The meta rom-com mentions and references to real life, non-diegetic fellow movies isn’t cute. It’s lazy. Watching “At Midnight” reminds audiences that while sweet at times and easy to digest, there is nothing different or new here. Does there need to be? Not always, but when there are fizzier and better rom-coms out there, why waste the time? Barbaro and Boneta are better than this.

…and “this” is mostly the production quality. We need to talk about the editing and sound mixing for a minute. A mash-up of Pond 5 sounds and Moviehead Productions’ “Birdemic”-level transitions, “At Midnight” looks like it could have been edited by Neil Breen if he ever downgraded to iMovie.

Barbaro previously told IndieWire’s Kate Erbland that learning she was cast in “Top Gun: Maverick” as something other than just the “love interest” was a tear-filled moment for her family. It begs the question (or assumption) that “At Midnight” was in the works prior to Barbaro’s turn in the box office-busting “Top Gun” sequel. Thankfully Barbaro has plenty more time to show off the full range of her acting chops in the future after it strikes “Midnight.”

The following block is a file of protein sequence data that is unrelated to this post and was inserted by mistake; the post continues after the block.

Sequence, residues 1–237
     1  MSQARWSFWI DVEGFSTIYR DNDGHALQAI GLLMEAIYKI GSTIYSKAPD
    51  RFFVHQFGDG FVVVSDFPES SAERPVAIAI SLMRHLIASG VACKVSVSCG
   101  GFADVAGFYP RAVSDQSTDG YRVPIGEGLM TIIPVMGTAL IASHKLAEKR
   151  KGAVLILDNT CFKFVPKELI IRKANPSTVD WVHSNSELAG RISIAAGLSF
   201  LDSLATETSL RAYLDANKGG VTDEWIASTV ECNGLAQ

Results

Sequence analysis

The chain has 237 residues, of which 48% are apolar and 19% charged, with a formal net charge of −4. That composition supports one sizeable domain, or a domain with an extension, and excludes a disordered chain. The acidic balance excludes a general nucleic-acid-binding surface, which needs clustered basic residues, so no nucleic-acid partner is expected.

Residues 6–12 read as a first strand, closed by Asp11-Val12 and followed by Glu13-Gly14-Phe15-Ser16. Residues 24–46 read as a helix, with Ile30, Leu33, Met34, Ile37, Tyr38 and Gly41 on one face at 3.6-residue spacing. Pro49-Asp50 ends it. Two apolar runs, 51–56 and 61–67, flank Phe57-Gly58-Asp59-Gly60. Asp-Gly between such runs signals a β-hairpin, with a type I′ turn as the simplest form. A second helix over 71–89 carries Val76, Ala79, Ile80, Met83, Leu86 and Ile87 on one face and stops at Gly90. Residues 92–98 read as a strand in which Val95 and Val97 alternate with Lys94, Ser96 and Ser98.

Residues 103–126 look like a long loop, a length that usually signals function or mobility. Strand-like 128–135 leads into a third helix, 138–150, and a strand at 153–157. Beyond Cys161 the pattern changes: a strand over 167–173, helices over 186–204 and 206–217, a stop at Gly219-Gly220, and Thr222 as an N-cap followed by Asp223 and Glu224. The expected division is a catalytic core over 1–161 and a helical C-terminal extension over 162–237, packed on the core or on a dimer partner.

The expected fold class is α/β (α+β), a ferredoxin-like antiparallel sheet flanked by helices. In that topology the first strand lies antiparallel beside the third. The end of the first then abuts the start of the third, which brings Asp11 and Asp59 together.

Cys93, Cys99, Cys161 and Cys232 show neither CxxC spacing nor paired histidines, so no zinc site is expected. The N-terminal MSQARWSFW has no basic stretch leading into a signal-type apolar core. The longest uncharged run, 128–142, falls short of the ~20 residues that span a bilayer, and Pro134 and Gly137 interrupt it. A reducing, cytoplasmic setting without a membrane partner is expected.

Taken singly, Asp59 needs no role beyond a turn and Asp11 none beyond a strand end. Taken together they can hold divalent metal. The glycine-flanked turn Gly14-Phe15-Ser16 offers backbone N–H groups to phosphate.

It’s still a shame that the references to everything from “America’s Sweethearts” to “Forgetting Sarah Marshall” didn’t rub off in the right away with writer-director Jonah Feingold, who penned the film alongside fellow screenwriters Maria Hinojos and Giovanni M. Porta. There was so much potential with the setting, two leads, and Paramount+ platform, not to mention the slew of cinema history to digest.

The tacked on post-modern “Notting Hill” monologue reference read more as an apologetic insert, or acknowledgment even, of the lack of high concept chemistry and production quality compared to a film that came out close to 25 years ago, almost the same age as its stars. Now that’s something to cry over.

Rating: D+

“At Midnight” is now available to stream on Paramount+.